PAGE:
KAWS has several of his newest works on view at Manhattan’s Mary Boone Gallery. Upon entering the space, visitors are confronted with the artist’s most recognizable — some would say, overly recognizable — work, his Companion figure. They’re rendered in the form of several massive eighteen-foot wooden sculptures. It’s far smaller than his 60-foot MTV Moonman reinterpretation or his balloon in the Macy’s Thanksgiving Day Parade. It’s still impressive though, simply because it’s tall.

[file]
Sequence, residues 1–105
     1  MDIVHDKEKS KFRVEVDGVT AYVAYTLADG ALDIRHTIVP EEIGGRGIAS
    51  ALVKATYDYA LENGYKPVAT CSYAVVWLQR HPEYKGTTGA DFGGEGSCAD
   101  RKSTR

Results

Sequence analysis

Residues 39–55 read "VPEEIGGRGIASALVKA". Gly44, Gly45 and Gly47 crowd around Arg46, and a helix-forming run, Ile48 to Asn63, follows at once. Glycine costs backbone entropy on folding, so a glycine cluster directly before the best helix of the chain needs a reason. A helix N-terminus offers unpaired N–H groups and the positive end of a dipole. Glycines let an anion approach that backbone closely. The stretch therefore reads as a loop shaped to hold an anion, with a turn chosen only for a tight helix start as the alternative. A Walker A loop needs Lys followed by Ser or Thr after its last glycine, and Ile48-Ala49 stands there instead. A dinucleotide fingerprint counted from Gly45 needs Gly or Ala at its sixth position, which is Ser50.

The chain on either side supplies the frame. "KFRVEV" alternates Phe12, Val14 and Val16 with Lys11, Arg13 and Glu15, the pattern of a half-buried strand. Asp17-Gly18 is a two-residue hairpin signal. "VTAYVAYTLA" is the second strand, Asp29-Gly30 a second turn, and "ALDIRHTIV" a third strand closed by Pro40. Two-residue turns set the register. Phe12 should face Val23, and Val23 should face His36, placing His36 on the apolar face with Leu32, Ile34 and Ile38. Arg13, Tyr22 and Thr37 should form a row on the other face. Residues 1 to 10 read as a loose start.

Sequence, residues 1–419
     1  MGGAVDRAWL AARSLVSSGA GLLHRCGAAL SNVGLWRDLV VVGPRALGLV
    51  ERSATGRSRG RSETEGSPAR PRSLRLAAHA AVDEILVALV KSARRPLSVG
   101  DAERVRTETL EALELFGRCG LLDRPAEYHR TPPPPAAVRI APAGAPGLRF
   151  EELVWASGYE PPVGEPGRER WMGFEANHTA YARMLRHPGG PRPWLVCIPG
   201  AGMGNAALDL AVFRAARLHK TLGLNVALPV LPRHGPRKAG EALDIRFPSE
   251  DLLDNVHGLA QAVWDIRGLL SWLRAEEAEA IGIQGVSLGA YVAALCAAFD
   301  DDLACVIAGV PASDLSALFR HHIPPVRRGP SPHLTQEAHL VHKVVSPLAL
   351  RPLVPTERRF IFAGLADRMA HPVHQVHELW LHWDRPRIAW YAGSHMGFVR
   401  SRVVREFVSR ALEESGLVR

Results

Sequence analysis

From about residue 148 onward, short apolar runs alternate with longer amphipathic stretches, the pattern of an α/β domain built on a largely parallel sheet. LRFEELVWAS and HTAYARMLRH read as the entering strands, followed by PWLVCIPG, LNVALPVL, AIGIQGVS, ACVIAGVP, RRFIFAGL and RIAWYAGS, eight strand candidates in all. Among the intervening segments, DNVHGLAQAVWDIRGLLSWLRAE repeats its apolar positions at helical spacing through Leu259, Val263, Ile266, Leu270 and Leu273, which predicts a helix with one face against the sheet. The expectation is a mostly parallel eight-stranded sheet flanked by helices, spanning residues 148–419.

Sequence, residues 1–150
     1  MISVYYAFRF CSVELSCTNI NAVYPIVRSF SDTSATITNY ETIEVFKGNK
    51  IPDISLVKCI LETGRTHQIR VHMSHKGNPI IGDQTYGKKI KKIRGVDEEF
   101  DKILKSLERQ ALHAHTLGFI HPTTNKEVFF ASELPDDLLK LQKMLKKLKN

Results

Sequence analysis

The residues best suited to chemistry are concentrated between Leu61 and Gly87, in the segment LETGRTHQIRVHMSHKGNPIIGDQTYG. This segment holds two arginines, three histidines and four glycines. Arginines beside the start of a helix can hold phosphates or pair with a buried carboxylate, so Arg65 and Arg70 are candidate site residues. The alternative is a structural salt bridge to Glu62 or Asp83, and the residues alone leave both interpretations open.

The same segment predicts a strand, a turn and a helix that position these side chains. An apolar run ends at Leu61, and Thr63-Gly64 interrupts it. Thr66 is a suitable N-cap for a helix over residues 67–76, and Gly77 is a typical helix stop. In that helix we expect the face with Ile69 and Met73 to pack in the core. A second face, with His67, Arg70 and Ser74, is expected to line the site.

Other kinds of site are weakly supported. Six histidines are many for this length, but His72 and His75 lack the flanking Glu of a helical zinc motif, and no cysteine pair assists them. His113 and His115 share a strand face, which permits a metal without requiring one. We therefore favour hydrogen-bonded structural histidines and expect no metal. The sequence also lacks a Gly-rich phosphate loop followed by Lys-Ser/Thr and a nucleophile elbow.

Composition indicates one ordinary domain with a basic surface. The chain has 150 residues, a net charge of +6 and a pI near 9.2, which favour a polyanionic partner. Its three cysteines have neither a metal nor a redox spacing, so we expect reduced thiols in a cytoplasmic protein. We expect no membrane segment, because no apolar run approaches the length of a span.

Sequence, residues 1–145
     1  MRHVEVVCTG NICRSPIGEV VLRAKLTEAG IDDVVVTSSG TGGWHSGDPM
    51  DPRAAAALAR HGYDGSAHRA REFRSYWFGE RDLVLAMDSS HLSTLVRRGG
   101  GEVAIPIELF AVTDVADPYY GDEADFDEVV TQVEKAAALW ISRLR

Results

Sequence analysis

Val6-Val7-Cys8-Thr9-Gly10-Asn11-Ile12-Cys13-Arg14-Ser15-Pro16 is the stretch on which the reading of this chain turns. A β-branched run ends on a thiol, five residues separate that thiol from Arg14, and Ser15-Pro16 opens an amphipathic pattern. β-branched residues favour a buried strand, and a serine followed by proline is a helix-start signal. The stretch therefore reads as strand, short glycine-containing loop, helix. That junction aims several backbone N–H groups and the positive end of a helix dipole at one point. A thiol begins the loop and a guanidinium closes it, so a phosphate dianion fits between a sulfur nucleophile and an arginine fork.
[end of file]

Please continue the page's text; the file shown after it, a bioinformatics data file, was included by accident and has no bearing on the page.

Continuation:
Two of these towering wooden figures appear in an embrace of sorts while another is standing at a distance in an apparent state of distress. Perhaps there is a love triangle of sorts. The monumental sculptures are accompanied by three rather large cartoon-inspired paintings, each containing different iterations of obscured cartoon faces. Either KAWS signature “X” or hands hovering where eyes should be are showing. KAWS seems to be presenting us with varying interpretations of shame on a monumental scale. It’s Companion — that vintage-cartoon inspired sad/dead character — over and over and over again. Further significance is really anyone’s guess.